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13 June 2013

Secure webserver on the cheap: free SSL certificates

Setting up an honest, fully-certified secure web server (e.g. https) on the cheap can be tricky, mainly due to certificates. Certificates are only issued to folks who can prove they are who they say they are. This verification generally takes time and energy, and therefore money. But the great folks at have an automated system that verifies identity and auto-renders associated SSL certificates for free.

Validating an email is easy enough, but validating a domain is trickier -- it requires a receiving mailserver that startssl can mail a verification code to. Inbound port 25 (mail server) is blocked by my ISP, the University of New Mexico (and honestly, I'd rather not run an inbound mail server).

I manage my personal domain through They provide full DNS management, as well as some great dynamic DNS tools. They're wonderful. But they don't provide any fine-grained email management, just MX records and the like.

The perfect companion of is They have mail servers that will conditionally accept mail for specific addresses at personal domain, and forward that mail to an email account. This lets me route specific addresses, things like, to my personal gmail account. E4ward is a real class-act. They manually moderate/approve new accounts, so there's a bit of time lag. To add a domain, they also require proof of control via a TXT record (done through

This whole setup allowed me to prove that I owned my domain to without running a mail server or paying for anything other than the domain. The result is my own SSL certificates. I'm running a pylons webapp with apache2 and mod_wsgi. In combination with python's repoze.what, I get secure user authentication over https without any snakeoil.

Hat-tip to this writeup, which introduced me to and their mail servers.

Finally, there are a number of online tools to query domains. was one of the better ones I found. It takes longer to load, but gives a detailed report of domain configuration, along with suggestions. A nice tool to verify that everything is working as expected.


  1. I like StartSSL a lot. They're by far the least oily of the snakeoil resellers. Personal identity validation can be difficult if you don't fit a 95% profile (e.g. can't send them a phone bill), and they're not very open about what their validation entails, but since they take snakeoil seriously I can appreciate that somewhat. And if snakeoil is ever going to be legit, someone needs to take it seriously in the way that StartSSL does, instead of in the way that Verisign does.

    I actually enjoy running mail and DNS, but lately I've been using Amazon AWS Route53 for the latter. Like. Seems like it would handily address this problem.

    1. I admit, I'm a little terrified of running a DNS, due to complexity & vulnerability issues. I'm a big fan of AWS in general, but I haven't kept up with it lately, and Route53 is new to me (and looks interesting). Based on a quick look, it seems like the cost per month is a little non-trivial (e.g. constantly running instance)?

      I think it's fair to say that StartSSL certificates aren't snakeoil at all. They're very clear on exactly what sort of validation is used for which steps. Of course, control-of-domain & control-of-email-address isn't very high-level validation. But we've see examples of how even higher levels of validation can be spoofed (or bypassed)...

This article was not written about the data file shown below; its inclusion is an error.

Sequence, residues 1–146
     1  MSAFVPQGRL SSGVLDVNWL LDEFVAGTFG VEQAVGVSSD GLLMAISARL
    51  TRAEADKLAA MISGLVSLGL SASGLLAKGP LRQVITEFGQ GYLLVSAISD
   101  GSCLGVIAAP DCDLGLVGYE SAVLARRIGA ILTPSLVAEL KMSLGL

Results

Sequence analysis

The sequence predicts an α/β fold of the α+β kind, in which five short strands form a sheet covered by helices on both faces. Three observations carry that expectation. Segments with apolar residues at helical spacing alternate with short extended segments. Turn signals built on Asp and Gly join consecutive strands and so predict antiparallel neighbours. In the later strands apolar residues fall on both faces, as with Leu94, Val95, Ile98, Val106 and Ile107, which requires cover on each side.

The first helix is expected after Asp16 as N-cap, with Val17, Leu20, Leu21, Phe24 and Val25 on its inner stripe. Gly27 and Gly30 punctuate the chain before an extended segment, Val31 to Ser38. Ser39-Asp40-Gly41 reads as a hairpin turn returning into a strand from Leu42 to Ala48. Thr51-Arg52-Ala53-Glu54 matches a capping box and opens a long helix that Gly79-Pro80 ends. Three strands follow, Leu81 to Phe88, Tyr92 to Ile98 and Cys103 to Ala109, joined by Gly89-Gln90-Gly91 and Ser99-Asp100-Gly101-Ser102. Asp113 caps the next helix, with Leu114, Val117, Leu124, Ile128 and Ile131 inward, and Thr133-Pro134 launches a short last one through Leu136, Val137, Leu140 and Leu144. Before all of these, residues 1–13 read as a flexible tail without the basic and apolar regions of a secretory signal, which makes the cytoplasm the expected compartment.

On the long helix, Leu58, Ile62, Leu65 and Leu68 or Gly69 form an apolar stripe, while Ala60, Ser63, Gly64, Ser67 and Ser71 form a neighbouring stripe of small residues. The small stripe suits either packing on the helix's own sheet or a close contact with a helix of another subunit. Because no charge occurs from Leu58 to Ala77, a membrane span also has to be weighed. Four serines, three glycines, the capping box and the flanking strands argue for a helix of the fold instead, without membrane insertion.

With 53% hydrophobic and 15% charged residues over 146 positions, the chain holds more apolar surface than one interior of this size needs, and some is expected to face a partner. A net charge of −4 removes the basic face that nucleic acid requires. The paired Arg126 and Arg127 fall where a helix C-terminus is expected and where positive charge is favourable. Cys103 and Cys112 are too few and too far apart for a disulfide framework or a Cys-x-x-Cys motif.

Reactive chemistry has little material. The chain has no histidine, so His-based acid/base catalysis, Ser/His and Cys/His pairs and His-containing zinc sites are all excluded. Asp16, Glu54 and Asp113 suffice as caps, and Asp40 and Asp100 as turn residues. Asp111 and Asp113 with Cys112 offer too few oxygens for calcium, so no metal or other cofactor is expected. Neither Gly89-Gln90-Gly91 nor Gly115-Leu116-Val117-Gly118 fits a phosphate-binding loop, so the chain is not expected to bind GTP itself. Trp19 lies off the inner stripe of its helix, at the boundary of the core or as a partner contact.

Thanks for the comment!

    2. I found it very difficult to order at StartSSL - and finally gave it up. Personally, I also would not use StartSSL for commercial purpose (e.g. a webshop) but rather go with one of the well known brands (GeoTrust, Thawte).

      Domain validated SSL certificates are quite cheap if you buy via a reseller - e.g. around US$ 10 for a RapidSSL certificate from

  2. I should qualify my remarks about "snakeoil". I think most PKI is superficial and doesn't provide real value above what self-signing would provide. It's the trust factor that I find sketchy, for most purposes. But if more vendors worked the way StartSSL does, and were as reasonable, the whole business would be a lot more legit and I'd have little interest in complaining about it. It's a dirty industry, but StartSSL could change that with enough market share, and I encourage everyone to use them who needs paid-for certs.

    Cost to run your own BIND (or TinyDNS, etc) in EC2 would be a pretty penny, but Route53 gives you a decent interface to manage your zone, and costs regular people about $1/mo - you're just riding on their DNS infrastructure instead of renting a VM (as with EC2). It's $0.50/mo just to have your first 25 domains, and another $0.50/mo per million queries. Most domains don't generate a million queries per month to DNS, so for folks like us it's basically a buck a month for a highly resilient, easy to manage DNS.

    For my own amusement I've been writing tools to the Route53 API so I can manage zones from the command line, but the web UI is pretty good.

  3. I agree, for free ssl certificate startssl is good but when we want to increase the web security we have to purchase SSL Certificate from the trusted certification authorities. And agree with above comments for re-sellers prices. Re-sellers are selling cheap ssl certificates than the brand itself, i also found one of such re-seller who sold cheap rapidssl certificate at dirt price something around $6/yr, ya i was also surprised when i have seen at